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Palekar to return to the world of colours

Special Correspondent
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Amol Palekar at a press conference in Bangalore on Monday.— Photo: K. MURALI KUMAR
Amol Palekar at a press conference in Bangalore on Monday.— Photo: K. MURALI KUMAR

After dabbling with the celluloid medium for long, actor-director Amol Palekar is planning to return to painting. A former student of Sir JJ School of Art, Mumbai, Mr. Palekar started his career as an artist before joining the film industry.

“Having explored the outer world, I am now seriously thinking of returning to painting,” he said at an interaction with the media organised by Bangalore Press Club and Bangalore Reporters’ Guild on Monday.

Mr. Palekar has a fascination for watercolours and has seven solo exhibitions to his credit. However, he is not frustrated with the film industry. “It is just that I wanted to have a dialogue with myself and provide creative answers to more compelling issues.”

Cricket enthusiast

A cricket enthusiast, he watched the final match between India and Australia here on Saturday. “It was a brilliant performance. A ‘Paisa Vasool’ match. My day was made, as I watched it with my favourite player Gundappa Vishwanath. I also spent time with my old friends Anant Nag, Arundhati Nag, and Girish Karnad. It is a nice way of celebrating Diwali, you know,” he said.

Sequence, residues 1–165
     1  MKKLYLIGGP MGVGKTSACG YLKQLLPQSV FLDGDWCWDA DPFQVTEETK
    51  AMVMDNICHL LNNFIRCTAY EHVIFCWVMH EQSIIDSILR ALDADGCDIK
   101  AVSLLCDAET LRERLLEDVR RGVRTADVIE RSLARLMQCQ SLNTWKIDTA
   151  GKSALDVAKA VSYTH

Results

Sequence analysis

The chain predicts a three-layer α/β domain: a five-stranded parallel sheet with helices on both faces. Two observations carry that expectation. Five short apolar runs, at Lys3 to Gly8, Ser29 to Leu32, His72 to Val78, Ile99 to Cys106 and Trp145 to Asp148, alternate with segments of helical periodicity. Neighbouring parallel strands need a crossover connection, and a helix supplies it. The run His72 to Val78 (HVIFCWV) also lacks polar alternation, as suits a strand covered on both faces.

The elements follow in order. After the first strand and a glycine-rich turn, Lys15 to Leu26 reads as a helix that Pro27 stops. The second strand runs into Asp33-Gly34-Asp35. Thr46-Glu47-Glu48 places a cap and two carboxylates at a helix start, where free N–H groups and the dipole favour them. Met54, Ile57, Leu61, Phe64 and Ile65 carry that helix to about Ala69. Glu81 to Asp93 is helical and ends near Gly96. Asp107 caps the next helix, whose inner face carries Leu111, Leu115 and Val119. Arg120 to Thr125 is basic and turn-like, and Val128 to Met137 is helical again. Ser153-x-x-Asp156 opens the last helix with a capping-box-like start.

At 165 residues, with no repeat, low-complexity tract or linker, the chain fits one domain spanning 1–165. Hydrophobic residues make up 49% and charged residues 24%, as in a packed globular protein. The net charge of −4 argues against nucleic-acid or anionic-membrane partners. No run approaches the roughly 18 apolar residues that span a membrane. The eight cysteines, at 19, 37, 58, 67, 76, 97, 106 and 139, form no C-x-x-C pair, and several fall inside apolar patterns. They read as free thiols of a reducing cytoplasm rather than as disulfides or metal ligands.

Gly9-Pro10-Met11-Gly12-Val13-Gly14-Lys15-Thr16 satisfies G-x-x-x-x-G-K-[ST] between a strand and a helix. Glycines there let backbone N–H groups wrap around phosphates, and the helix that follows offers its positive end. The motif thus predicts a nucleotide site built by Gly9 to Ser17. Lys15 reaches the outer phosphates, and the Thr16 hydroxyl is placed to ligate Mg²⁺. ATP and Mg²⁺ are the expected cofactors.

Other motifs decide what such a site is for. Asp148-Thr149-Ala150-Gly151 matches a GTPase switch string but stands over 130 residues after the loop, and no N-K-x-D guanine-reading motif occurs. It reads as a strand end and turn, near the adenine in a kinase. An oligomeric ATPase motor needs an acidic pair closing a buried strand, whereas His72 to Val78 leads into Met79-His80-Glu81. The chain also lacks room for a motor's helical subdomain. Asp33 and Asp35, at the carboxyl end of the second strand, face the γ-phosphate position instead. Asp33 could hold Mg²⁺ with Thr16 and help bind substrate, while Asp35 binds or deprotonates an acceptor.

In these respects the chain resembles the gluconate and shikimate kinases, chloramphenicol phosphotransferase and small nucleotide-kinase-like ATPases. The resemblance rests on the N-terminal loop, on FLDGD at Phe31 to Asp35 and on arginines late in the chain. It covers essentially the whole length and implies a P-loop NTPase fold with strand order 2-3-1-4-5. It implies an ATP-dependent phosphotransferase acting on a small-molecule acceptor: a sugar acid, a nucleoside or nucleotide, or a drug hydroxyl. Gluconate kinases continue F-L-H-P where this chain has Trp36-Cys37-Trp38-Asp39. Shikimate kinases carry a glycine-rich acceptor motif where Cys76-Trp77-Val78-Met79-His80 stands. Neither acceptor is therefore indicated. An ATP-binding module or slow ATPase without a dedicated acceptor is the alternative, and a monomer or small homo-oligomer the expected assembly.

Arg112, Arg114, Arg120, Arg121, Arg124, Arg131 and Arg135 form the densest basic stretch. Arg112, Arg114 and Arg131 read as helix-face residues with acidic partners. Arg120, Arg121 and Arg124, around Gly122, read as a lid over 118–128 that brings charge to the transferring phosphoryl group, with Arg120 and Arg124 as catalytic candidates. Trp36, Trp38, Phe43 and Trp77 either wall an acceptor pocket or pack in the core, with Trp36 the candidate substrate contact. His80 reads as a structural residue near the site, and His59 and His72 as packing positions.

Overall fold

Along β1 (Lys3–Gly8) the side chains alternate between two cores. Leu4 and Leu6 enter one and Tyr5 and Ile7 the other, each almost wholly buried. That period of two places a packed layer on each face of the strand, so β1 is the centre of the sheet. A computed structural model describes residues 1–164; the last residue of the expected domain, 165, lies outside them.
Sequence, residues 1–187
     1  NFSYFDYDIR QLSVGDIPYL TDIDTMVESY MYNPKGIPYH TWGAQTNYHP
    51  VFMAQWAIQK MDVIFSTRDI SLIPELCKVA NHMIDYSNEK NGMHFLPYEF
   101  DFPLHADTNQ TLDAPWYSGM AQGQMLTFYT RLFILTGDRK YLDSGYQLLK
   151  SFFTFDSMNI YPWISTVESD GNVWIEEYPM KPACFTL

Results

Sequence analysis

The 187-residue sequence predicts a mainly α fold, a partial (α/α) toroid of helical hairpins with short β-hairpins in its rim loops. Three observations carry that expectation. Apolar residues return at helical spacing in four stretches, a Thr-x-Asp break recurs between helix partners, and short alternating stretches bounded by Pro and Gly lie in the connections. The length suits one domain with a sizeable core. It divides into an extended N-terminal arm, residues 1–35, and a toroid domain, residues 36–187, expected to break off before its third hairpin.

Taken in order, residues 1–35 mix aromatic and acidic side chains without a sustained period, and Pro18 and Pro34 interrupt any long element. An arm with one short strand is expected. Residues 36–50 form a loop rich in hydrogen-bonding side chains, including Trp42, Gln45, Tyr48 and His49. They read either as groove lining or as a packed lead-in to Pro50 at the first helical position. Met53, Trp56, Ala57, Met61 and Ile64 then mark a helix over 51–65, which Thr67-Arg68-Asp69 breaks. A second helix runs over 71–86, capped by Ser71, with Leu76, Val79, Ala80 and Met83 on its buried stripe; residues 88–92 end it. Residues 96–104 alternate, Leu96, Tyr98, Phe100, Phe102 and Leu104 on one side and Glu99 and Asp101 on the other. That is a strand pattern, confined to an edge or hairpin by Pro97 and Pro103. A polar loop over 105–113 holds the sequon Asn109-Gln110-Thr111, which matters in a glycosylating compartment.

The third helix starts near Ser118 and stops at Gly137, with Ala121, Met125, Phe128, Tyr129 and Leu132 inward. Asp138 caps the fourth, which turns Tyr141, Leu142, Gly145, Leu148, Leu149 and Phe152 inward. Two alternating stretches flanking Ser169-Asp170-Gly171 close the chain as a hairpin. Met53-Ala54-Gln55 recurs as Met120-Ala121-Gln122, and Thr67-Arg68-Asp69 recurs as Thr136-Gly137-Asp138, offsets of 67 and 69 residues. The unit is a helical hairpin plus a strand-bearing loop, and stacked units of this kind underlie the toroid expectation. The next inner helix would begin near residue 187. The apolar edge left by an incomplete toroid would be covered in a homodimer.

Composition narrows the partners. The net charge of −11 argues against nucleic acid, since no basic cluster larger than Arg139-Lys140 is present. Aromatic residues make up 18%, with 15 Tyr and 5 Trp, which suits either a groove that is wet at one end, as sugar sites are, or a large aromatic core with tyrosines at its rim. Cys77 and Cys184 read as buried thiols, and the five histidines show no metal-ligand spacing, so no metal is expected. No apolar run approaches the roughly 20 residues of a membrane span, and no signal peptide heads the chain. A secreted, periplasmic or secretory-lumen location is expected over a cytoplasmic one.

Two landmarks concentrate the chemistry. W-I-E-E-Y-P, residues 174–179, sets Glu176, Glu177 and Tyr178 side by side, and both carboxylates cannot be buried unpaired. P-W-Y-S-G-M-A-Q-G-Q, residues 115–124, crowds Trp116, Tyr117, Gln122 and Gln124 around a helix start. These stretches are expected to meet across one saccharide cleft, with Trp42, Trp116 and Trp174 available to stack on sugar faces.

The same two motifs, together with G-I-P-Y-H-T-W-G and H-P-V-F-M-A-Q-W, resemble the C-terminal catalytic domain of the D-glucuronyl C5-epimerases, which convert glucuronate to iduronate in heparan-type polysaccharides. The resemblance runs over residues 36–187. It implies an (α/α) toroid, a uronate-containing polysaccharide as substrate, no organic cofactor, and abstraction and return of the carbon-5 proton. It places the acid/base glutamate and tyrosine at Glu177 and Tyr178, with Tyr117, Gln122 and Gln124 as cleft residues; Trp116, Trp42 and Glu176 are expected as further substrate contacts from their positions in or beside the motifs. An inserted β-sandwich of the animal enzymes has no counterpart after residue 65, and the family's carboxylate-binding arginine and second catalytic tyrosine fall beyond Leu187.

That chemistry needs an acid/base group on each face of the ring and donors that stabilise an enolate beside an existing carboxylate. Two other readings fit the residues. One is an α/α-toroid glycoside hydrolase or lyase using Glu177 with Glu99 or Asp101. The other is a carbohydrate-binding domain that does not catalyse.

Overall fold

“Today, the format is shorter. We had only test cricket then. Now it is 20:20. I equally enjoy the batting of Rohit Sharma, as much as late cuts and square cuts of G.R. Vishwanath and googlies of B.S. Chandrashekar,” he said.

Regional cinema

Mr. Palekar acted in two Kannada films — Kanneshwara Rama directed by M.S. Sathyu and Paper Boats directed by Pattabhirama Reddy.

He refused to acknowledge the argument that regional cinema was being drowned in the din of 100-crore club films from Bollywood. “Cinema has changed altogether. New generation directors have come up with new cinematic idioms. But regional and parallel cinema has not been affected, as they have their strengths. They will find their own way to counter Bollywood and Hollywood,” he said.

However, Mr. Palekar regretted that the contribution of regional and parallel films were forgotten during the celebration of the centenary of Indian cinema. “If it you blindly conclude that Bollywood is offering what the audience wanted, why 90 per cent of their films are flops at the box office? People are not worried about the genesis of films. They want good films. An alternative to crass commercialisation is sure to emerge,” he observed.

Before signing off, Mr. Palekar put forth his take on film reviews in the media. “I don’t call them reviews. Except the storyline and bits and pieces of information about acting, cinematography and editing, ‘reviewers’ won’t write anything significant. How can you call them reviews?” he said.


  • The noted actor-director is a former student of Sir JJ School of Art, Mumbai

  • He has seven solo exhibitions to his credit


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